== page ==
Because I'm a book critic, I get a lot of books. I always read the first paragraph and I can pretty much tell how hooked I am going to be by page 2. This incredible book, Broken: A Love Story, by the extraordinary Lisa Jones, got me in the first few sentences. Jones went to Wyoming to meet the remarkable Stanford Addison, a Northern Arapaho who gentled horses and it was said, healed people--all from his wheelchair. Lisa ended up spending four years there, and along with telling Stan's story, she threaded in the story of her relationship and her transformation. I so wanted to talk to Lisa, and she was so generous with her time, and so much fun, that I feel a little dazzled presenting this Q and A. Thank you so much, Lisa, and if you ever come to NYC, City Bakery is on me.
What struck me was that while dealing with a man who claimed to hear spirits, and with wild horses and all manner of things, you never seemed scared around him. Were you, and if not, why not?
I was scared of him very early in the book, after I felt his unmistakable power over me when I worked the horse in the corral and heard his neighbors tell stories about his healing powers. I also knew that spiritually powerful people can misuse their power (especially spiritual men over their female followers), so I embarked on my trip to Iowa with Stanford with a lot of trepidation. But we hadn't gone a few miles down the road when it struck me I was perfectly safe and happy around this man. I knew he was good and kind and respectful. And that never changed. Considering the pain I carried around due to a father who wasn't exactly respectful of women, Stan's immaculate treatment of me was like manna from heaven.
One of the things (among many) that I loved about the book is that you really give us an insider look at the Indian community, from the sweat lodges to the way Indians are treated in the non-Indian community. Your mother, in one of the funnier passages, tells you to respect your genetic makeup and reminds you that you are not an Indian. How close do you feel to Indian culture now?
I don't spend as much time at Stanford's as I used to, although I'm writing you from Wyoming right now -- I've actually been here three or four times since March and it's not even May yet. (Most of these visits revolve around his health, which has hit a rough patch lately.) When I'm here I go to all of Stanford's sweats. Anyway, When I'm home in Colorado, my spiritual practice revolves around taking long walks in nature. On these hikes I pick a lot of sweet sage, which grows prolifically near my home on Colorado's Front Range (and which was the last home the Arapaho picked for themselves.) I send packages of it to Stanford to use in his sweat lodge. And that feels like a lovely connection; a sort of active prayer. At home, I pray, and light sage. That I got straight from Stanford. Tiny vestiges of the sweat lodge. And while I'm totally involved in my life in Colorado, the minute I go to Wyoming, the familiarity and at-homeness surround me really quickly, the way you can pick up a conversation with a friend that got interrupted months and months ago and it's as if you never stopped talking.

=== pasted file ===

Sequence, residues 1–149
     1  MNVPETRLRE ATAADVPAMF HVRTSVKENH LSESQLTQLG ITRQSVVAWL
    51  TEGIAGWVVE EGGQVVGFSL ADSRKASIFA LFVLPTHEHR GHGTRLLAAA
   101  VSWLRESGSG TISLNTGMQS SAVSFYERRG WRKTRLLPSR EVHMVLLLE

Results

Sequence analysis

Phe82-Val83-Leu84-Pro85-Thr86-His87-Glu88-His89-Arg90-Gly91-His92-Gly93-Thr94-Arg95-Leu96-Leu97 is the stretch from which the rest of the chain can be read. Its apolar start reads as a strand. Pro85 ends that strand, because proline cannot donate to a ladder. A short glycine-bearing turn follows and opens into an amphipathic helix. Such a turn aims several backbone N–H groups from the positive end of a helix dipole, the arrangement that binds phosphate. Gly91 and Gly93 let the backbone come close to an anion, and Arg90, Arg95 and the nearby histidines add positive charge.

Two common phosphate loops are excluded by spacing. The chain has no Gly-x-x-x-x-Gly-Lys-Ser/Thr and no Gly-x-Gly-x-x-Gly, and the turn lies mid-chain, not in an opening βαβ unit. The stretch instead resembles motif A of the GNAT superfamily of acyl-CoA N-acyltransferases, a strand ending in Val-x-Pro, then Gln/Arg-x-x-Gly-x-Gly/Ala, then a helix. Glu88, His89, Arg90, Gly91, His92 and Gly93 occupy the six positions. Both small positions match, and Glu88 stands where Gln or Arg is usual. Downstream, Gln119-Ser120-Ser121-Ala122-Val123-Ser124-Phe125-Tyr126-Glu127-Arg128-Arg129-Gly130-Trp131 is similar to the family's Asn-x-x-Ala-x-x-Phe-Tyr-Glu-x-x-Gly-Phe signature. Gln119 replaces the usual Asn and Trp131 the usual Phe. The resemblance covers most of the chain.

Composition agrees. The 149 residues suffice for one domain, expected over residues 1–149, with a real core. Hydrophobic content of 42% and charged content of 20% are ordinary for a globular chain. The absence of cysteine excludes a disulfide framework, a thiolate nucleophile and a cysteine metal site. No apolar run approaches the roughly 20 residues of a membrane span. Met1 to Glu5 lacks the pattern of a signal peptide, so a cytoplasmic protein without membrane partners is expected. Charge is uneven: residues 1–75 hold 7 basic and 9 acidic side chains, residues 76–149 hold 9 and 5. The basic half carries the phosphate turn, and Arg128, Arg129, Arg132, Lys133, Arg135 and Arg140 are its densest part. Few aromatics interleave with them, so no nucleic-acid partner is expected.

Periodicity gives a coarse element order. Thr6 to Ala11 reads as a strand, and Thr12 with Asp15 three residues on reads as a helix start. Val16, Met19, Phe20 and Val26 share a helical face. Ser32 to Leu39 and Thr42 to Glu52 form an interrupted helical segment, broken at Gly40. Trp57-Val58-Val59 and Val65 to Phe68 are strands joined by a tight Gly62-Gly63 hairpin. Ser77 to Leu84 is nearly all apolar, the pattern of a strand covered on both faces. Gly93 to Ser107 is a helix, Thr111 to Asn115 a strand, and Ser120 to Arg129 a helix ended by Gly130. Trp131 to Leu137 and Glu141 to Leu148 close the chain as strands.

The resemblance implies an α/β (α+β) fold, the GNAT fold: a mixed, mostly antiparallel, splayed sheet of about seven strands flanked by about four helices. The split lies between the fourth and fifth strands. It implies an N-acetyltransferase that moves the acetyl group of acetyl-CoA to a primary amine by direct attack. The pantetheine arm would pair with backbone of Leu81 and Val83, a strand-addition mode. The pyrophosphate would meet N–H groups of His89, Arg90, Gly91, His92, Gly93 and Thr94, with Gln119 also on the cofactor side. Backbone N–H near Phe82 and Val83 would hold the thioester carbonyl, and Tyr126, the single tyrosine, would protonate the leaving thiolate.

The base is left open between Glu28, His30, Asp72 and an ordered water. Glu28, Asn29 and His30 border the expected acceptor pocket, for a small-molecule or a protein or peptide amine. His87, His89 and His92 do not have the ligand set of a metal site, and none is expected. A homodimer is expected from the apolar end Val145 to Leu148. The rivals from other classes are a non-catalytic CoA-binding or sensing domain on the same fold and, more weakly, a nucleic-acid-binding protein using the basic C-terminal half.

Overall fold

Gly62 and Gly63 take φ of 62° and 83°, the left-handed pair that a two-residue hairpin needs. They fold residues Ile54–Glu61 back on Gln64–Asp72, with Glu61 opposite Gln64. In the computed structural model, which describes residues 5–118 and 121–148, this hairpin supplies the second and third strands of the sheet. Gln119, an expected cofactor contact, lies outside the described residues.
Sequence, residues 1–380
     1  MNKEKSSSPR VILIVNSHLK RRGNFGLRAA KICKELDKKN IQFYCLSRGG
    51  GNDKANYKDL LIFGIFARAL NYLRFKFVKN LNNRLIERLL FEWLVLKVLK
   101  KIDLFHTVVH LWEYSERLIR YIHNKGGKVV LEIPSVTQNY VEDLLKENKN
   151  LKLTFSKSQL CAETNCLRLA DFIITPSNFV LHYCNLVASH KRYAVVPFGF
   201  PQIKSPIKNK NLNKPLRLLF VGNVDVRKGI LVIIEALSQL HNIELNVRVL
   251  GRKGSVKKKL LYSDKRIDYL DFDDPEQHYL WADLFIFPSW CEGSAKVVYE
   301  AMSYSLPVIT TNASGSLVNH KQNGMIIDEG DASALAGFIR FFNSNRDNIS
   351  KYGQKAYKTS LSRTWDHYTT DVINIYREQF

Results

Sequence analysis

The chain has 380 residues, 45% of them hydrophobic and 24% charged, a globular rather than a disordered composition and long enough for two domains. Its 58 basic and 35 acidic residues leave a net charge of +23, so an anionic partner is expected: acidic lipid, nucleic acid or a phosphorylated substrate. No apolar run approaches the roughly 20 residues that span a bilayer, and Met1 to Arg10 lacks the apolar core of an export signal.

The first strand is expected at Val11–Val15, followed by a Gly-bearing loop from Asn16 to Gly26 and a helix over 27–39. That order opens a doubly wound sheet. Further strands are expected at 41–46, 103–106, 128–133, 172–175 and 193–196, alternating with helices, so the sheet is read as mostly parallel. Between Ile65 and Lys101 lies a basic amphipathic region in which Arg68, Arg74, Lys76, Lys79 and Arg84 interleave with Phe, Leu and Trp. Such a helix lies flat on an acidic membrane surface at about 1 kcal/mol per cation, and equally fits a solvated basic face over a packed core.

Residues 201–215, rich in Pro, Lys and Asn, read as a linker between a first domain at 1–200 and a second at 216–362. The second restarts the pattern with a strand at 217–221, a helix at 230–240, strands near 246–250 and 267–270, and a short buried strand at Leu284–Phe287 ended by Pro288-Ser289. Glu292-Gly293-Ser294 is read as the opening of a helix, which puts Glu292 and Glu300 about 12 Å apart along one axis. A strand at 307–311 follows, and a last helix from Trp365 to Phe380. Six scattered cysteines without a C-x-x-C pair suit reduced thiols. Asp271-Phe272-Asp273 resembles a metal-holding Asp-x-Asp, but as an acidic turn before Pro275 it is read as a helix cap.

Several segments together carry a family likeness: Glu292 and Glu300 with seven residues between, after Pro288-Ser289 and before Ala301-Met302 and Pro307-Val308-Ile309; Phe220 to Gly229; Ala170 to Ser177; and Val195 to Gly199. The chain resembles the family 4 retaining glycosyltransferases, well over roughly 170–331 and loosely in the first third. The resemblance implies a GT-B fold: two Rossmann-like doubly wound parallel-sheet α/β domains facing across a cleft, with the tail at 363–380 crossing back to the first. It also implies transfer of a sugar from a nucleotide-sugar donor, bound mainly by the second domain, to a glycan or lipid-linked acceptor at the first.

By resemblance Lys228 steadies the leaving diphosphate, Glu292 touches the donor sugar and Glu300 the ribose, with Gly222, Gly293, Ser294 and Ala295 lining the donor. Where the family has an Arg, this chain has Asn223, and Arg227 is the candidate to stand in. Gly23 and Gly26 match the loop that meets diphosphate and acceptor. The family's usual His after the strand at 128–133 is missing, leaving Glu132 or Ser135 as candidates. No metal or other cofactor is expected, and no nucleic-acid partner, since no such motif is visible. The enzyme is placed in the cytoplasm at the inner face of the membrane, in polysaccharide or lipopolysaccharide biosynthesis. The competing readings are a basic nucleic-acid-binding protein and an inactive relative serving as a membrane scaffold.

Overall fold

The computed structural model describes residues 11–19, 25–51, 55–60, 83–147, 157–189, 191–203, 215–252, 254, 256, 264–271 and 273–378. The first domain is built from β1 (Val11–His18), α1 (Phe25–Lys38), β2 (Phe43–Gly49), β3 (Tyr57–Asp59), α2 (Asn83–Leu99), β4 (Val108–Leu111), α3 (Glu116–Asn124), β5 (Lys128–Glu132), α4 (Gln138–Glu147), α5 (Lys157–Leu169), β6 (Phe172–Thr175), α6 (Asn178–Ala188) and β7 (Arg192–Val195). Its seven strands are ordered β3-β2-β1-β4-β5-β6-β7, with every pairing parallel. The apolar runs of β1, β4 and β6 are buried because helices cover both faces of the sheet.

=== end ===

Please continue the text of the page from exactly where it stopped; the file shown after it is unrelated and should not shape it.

Part of the book revolves around your relationship with Peter, who seems so hell-bent on a spiritual quest that I was really surprised—and delighted, at the way that relationship transformed. I’m curious, did this unfold as you were writing the book, or did it all happen before you began to write? At what point did you realize the book was going to be about two journeys—yours and Stan’s?
That's a great question. Um. At first it was all going to just be about Stanford. But time -- years, really -- passed, and I found myself in front of the camera. Part of this was due the fact that I couldn't get away with doing the typical white thing -- ask a direct question about his spirituality or his life and get a direct answer. He would just finger his mustache and say,"You're just going to have to hang around some." So I did. And I formed my own relationships and made my own mistakes. There was a long period when I was going to Stan's and writing about it and not really knowing where it was all going in terms of the book, but I was so enchanted by what I was experiencing I didn't really care. People would say, "when will you be done with your research?" and I'd say "Research?" and think, "My God, I have TOTALLY left the known shore." I mean, prior to this book my biggest writing project was a 2 1/2 year investigation into the way colleges of agriculture and forestry in the Rocky Mountain West taught natural resource management!
Writing this book wasn't about accumulating knowledge and then writing it down. It was more like going snorkeling and not knowing exactly what I'd find, but knowing I'd know it when I floated over it. And that's exactly what happened. And although I could have written an entire second book on what's happened since I closed the action of BROKEN, there was a clear sense of closure when it was time to stop writing.